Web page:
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Virtual patient educational programme to teach counselling to clinical pharmacists: development and proof of concept

Lookup NU author(s): Dr Charlotte RichardsonORCiD



This work is licensed under a Creative Commons Attribution-NonCommercial 4.0 International License (CC BY-NC 4.0).


Pharmacist–patient counselling can benefit patients and optimise care, but appropriate training is required. A virtual patient (VP) tool to teach pharmacists non-vitamin K oral anticoagulant counselling was developed; the VP may be used for continuing professional development. The objective was to develop and show proof of concept of the VP. A cyclic development approach was adopted whereby the client, developers and a steering group informed VP design, content and aesthetic. This included formal and informal evaluation; ethical approval was not required. The VP received varied feedback. Positive feedback concerned the technology and the high standard of animations. Negative elements concerned international VP use and differences in practice, also technological comments, regarding VP delivery and usability on various electronic devices. The VP was reported to be ’valuable’ and realistic with high-quality animations. The steering group commented on VP’s clinical appropriateness, cultural relevance and usability. Areas highlighted for improvement were rectified during development, including the incorporation of printable feedback. European considerations concerned differences in culture and practice. The development process successfully developed the VP and the proof of the concept was demonstrated. This will inform future VP development; a large-scale VP evaluation is underway.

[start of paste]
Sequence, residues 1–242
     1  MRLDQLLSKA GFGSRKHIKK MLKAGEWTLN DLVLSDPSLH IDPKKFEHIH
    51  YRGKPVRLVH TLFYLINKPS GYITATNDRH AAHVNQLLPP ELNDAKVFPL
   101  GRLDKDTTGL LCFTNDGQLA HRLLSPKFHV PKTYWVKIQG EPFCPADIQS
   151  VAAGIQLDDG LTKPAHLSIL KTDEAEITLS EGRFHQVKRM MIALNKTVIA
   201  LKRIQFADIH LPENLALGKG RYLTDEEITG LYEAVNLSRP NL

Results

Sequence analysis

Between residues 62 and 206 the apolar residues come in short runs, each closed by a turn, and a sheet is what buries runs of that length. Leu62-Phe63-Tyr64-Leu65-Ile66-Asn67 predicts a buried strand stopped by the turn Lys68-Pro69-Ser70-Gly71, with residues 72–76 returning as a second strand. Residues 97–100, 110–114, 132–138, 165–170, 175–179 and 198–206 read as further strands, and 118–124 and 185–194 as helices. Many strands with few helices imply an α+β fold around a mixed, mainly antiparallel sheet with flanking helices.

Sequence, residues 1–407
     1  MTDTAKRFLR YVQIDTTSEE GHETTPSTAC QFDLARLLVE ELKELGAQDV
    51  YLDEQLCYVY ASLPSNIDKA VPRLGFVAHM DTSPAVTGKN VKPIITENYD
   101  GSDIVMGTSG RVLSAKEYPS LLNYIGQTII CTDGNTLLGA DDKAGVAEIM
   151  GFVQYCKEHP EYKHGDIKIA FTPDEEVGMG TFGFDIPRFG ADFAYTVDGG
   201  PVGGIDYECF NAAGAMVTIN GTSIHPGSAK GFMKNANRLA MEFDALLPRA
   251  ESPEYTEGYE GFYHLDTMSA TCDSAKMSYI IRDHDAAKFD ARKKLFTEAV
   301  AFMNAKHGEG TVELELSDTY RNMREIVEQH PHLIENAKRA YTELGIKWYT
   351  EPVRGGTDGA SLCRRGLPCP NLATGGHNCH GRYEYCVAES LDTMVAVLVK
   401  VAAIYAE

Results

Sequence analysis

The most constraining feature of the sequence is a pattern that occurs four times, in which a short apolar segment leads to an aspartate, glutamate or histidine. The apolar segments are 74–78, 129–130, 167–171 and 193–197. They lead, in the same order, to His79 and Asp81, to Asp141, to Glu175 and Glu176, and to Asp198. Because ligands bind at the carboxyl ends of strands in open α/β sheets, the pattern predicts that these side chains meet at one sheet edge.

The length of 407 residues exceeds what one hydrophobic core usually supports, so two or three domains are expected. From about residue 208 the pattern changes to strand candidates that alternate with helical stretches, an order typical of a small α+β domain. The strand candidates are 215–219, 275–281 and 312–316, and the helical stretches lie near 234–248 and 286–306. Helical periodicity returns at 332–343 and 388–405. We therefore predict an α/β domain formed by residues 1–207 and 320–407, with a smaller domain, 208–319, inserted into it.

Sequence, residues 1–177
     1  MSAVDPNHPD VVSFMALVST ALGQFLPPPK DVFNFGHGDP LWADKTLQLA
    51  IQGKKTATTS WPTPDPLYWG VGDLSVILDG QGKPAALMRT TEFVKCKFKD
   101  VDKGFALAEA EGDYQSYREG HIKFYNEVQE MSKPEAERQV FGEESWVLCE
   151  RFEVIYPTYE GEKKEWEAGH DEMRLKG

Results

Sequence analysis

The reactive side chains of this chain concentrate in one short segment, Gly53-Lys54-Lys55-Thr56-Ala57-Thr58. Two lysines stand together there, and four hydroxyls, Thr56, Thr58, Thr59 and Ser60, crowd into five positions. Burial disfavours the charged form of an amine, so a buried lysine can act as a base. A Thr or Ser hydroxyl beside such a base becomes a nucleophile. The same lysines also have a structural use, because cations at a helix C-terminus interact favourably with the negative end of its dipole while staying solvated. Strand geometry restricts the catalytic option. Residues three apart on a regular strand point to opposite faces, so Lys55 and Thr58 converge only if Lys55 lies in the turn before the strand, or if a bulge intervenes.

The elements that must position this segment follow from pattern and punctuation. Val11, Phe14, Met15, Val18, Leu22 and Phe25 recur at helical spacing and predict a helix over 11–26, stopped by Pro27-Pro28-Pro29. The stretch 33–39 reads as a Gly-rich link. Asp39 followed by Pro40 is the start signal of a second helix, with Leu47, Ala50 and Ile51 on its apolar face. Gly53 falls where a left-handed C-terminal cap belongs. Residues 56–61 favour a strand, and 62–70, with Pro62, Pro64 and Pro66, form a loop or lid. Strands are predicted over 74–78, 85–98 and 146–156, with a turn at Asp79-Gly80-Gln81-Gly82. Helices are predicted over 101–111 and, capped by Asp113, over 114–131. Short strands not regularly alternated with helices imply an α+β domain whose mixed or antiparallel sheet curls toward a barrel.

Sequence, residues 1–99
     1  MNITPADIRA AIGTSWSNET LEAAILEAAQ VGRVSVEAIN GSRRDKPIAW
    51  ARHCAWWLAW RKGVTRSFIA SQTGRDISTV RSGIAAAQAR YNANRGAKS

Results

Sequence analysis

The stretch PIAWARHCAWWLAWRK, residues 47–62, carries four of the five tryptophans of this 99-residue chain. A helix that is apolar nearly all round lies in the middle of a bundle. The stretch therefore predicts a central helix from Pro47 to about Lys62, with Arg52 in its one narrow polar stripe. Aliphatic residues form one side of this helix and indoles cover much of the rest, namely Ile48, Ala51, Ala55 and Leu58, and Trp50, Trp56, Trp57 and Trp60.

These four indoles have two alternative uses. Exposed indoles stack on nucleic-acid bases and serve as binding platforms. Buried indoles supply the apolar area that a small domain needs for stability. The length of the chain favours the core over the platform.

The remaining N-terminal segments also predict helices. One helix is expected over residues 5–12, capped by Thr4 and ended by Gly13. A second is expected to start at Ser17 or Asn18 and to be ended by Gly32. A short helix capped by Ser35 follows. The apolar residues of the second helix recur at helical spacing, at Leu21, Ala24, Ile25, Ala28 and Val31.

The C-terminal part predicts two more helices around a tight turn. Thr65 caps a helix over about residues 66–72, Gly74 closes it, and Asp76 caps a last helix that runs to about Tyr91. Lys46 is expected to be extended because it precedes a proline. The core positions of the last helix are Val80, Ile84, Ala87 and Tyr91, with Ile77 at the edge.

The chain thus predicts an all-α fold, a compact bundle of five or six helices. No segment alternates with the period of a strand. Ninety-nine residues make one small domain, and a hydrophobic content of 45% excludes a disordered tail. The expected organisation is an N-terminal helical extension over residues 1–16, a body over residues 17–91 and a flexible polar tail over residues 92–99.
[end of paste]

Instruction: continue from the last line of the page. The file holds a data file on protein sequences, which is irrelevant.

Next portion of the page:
Publication metadata

Author(s): Richardson CL, Chapman S, White S

Publication type: Article

Publication status: Published

Journal: BMJ Simulation & Technology Enhanced Learning

Year: 2019

Volume: 5

Issue: 3

Pages: 167-169

Print publication date: 01/07/2019

Online publication date: 15/06/2018

Acceptance date: 21/05/2018

Date deposited: 12/11/2019

ISSN (electronic): 2056-6697

Publisher: BMJ Publishing Group


DOI: 10.1136/bmjstel-2018-000352


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